Swiss Bureau Interior Design (SBID) firm has recently completed a project for the public sector, the conference centre at TECOM Dubai International Academic City. The Dubai International Academic City (DIAC) was built to be a base for schools, colleges and universities with more than 12,000 students studying in 13 international higher education institutes. Spread over 15,000sqft of the area, DIAC Centre was envisioned to be the central hub for the whole area with a state of the art conference centre and offices for the management team of DIAC. The client, TECOM Group wanted the design to be chic, contemporary and more importantly a design that would be timeless and still be on trend, years down the line.
After several design workshops and brainstorming sessions with the client, SBID narrowed down on a mood that had a minimalist tone with a palette of natural materials like concrete and wood juxtaposing each other. Using few materials but using these materials in different forms was a design principle used throughout the space.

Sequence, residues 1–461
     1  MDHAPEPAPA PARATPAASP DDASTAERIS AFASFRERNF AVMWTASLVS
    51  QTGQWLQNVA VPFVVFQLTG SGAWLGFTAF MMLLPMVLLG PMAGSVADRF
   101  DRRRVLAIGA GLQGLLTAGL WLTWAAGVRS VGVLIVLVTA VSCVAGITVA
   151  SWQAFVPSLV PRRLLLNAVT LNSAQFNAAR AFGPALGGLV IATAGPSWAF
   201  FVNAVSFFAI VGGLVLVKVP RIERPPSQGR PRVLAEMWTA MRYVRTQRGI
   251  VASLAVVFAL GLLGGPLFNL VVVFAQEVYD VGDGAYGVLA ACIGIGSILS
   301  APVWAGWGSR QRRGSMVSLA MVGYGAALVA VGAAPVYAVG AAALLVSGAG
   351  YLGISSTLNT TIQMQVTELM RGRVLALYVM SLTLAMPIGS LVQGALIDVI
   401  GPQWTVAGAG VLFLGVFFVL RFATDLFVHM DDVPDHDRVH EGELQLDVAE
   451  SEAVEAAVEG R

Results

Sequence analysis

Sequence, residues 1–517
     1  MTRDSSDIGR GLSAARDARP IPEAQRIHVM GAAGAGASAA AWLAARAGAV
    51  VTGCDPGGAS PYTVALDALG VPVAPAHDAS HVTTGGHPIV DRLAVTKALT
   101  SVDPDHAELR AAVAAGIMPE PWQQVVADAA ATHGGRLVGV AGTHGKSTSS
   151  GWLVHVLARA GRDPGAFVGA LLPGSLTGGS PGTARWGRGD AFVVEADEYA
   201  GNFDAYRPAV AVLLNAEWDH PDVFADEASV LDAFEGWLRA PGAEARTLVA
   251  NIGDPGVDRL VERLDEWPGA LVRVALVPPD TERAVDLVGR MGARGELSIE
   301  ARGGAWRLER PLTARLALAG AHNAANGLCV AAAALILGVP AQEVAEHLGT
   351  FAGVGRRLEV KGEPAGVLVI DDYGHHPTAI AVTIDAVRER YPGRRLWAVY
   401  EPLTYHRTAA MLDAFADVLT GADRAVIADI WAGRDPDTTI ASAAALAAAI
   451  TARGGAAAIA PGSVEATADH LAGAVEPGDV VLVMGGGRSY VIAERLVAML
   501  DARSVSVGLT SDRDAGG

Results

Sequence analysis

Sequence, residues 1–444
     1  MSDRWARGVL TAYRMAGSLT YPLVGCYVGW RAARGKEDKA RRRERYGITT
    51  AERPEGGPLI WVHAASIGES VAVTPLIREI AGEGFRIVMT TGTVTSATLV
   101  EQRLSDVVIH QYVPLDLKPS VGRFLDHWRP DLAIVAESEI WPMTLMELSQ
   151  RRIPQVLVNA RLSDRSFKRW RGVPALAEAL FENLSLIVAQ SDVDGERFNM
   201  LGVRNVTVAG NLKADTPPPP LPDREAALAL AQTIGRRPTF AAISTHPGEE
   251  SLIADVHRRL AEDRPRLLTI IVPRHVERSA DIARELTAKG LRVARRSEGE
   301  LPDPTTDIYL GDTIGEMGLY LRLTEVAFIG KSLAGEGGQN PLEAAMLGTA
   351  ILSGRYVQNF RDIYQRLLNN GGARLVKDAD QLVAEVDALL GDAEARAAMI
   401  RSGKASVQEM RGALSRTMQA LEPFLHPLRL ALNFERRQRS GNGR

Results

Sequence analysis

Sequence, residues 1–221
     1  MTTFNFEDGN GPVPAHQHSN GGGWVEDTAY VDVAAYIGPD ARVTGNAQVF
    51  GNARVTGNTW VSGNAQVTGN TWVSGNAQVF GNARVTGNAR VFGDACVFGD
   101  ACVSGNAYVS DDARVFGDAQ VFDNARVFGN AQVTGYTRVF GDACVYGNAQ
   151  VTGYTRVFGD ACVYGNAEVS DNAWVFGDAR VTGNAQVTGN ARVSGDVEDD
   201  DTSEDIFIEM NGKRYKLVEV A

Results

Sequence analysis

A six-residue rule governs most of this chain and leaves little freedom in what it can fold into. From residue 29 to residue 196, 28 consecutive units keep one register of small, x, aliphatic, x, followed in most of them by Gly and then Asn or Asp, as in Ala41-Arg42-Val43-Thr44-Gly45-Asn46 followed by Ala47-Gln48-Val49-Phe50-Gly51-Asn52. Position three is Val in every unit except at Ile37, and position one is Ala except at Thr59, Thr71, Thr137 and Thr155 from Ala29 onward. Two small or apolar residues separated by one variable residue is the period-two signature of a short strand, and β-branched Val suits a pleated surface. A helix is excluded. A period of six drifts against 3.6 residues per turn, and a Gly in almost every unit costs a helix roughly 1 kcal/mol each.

Another design highlight is the extensive use of wood in the form of louvres and plain panelling. Concrete flooring was used in different tones with a border in a darker accent that also served as a wayfinding feature. One of the key materials introduced into space was tinted glass. Rather than using clear glass for all the partitions and doors, tinted glass added a level of privacy into the spaces.
Graphics and signage also serve as a design feature in the space. With a neutral palette, black was introduced in the signage to create a strong bold impact. The Signage was also integrated with the groove lines that add movement into the space. Keeping wellness principles in mind, plants were introduced and the only accent colour used is that green tone.
The main space of design is the conference centre. This is a configuration of three rooms which can be converted into a single large space through the use of foldable partitions that are also acoustically treated. All of these rooms spill out onto the one large pre-conference space. Buffet counters are cleverly integrated into the peripheral walls, giving the illusion of a wider space. A bench is also integrated into one of the peripheral walls adding an accent feature into the area.